Every day, millions of people pay a visit to their local pharmacy to have a new prescription filled or to refill an old one. Almost a half of all Americans have had at least one prescription filled within the last 30 days. If you consider that there are 2.6 billion prescriptions being filled each year, you probably realize that there is an overwhelming amount of data being generated. The growing industry standard of using of point-of-sale (POS) systems in pharmacies opens the opportunity to collect all of the data and harness it to provide smoother operations, better care, and better business. There are several key areas that data analysis within POS systems are improving pharmacies:
- Prescription authentication. Experts estimate that as much as 10% of prescriptions are counterfeit. The data collected in pharmacy point of sale systems make it possible for signatures to be analyzed and areas of potential fraud to identified.
- Real-time information. Pharmacy managers can run reports in real-time to analyze the medications dispensed, their claim codes, insurance pay rates, and fees paid. In this way, managers can get a true picture of the pharmacy’s profits for the day. This also brings to light billing errors on a claim that will get kicked back so that they can be corrected and avoid accounting issues.
- Better care for patients. Incorrect medication usage is the source of as many as 10% of hospitalizations. Using data from pharmacy POS software, pharmacies have identified common conditions where medication is used incorrectly or not adhered to. Some pharmacies have created talking points for pharmacists who are consulting patients that data analysis identify as a potential risk of medication misuse. POS data improves medication adherence by auto-refilling prescriptions and issuing reminders to patients so that they don’t forgo refilling their prescriptions. Some open POS systems actually have data on prescriptions patients are filling elsewhere (withholding pharmacy and doctor’s information for privacy) so that a complete profile of the patient’s medication regime is available and conflicting medications aren’t issued.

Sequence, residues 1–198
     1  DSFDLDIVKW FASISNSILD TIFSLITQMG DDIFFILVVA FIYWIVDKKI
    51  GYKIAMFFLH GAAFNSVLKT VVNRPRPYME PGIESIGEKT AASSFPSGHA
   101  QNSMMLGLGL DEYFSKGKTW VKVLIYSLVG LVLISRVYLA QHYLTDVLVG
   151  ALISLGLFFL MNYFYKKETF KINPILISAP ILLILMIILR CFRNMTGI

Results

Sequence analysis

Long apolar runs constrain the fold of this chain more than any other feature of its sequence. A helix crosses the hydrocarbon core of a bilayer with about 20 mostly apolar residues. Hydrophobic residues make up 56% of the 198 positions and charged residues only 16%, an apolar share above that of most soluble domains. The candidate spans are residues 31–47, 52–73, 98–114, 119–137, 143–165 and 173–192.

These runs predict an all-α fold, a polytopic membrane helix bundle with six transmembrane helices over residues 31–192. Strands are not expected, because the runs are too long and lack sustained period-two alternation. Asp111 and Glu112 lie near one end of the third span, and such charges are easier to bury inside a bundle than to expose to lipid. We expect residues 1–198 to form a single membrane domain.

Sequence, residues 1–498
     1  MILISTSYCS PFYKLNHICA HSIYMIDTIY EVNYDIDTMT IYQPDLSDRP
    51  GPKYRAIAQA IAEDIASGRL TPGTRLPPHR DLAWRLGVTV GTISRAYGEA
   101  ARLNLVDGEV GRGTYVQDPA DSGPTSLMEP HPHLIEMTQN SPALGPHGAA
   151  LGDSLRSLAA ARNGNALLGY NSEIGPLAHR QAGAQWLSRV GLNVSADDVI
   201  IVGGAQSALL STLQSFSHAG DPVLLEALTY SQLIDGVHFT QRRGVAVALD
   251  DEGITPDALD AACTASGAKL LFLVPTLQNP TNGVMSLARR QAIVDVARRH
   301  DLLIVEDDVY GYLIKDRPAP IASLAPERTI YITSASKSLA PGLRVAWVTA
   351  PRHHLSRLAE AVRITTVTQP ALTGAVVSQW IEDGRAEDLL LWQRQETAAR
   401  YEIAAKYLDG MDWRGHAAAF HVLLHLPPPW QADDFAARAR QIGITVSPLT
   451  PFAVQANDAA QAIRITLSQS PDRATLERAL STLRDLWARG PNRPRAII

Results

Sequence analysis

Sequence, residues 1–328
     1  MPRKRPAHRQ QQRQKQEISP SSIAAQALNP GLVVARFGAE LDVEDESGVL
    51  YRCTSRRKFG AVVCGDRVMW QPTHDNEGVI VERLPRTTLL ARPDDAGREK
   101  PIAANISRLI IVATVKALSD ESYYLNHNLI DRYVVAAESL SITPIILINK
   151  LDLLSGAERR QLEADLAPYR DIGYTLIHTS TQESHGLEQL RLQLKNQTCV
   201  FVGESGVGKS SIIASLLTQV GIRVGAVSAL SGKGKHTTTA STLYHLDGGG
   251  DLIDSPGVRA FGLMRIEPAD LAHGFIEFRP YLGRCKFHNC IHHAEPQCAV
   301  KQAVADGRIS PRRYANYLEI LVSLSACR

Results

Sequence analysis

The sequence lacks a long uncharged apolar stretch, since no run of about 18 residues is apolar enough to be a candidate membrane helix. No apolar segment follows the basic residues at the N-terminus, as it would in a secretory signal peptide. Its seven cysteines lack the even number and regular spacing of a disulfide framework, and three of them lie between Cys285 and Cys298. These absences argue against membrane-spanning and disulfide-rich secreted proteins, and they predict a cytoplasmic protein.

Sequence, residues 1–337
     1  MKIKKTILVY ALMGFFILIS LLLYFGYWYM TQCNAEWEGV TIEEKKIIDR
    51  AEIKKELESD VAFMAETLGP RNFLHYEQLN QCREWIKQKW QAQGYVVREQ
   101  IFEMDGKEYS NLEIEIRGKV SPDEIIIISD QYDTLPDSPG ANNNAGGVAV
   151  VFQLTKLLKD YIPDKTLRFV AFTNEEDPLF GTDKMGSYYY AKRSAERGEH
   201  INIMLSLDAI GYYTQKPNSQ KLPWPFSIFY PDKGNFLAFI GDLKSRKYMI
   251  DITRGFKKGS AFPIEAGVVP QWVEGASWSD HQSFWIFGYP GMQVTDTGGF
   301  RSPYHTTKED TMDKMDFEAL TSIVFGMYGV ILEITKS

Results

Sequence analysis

- Targeted marketing. Studies show that pharmacies account for as much as 70% of the sales within a drugstore. One of the the biggest advantages to the data available through POS systems is the ability to analyze the shopping habits of customers and offer them promotions that improve their experience. Data collected from POS systems can report how often a customer visits a store, what purchases they make along with their medication, and other loyalty programs and promotions. The opportunity to track what else customers are purchasing when they fill a prescription and give them specific promotions huge benefit to having a pharmacy POS system.
Does your pharmacy have a POS system? How is the data that is collected from the POS system used to improve operations? Please leave us a comment with your input.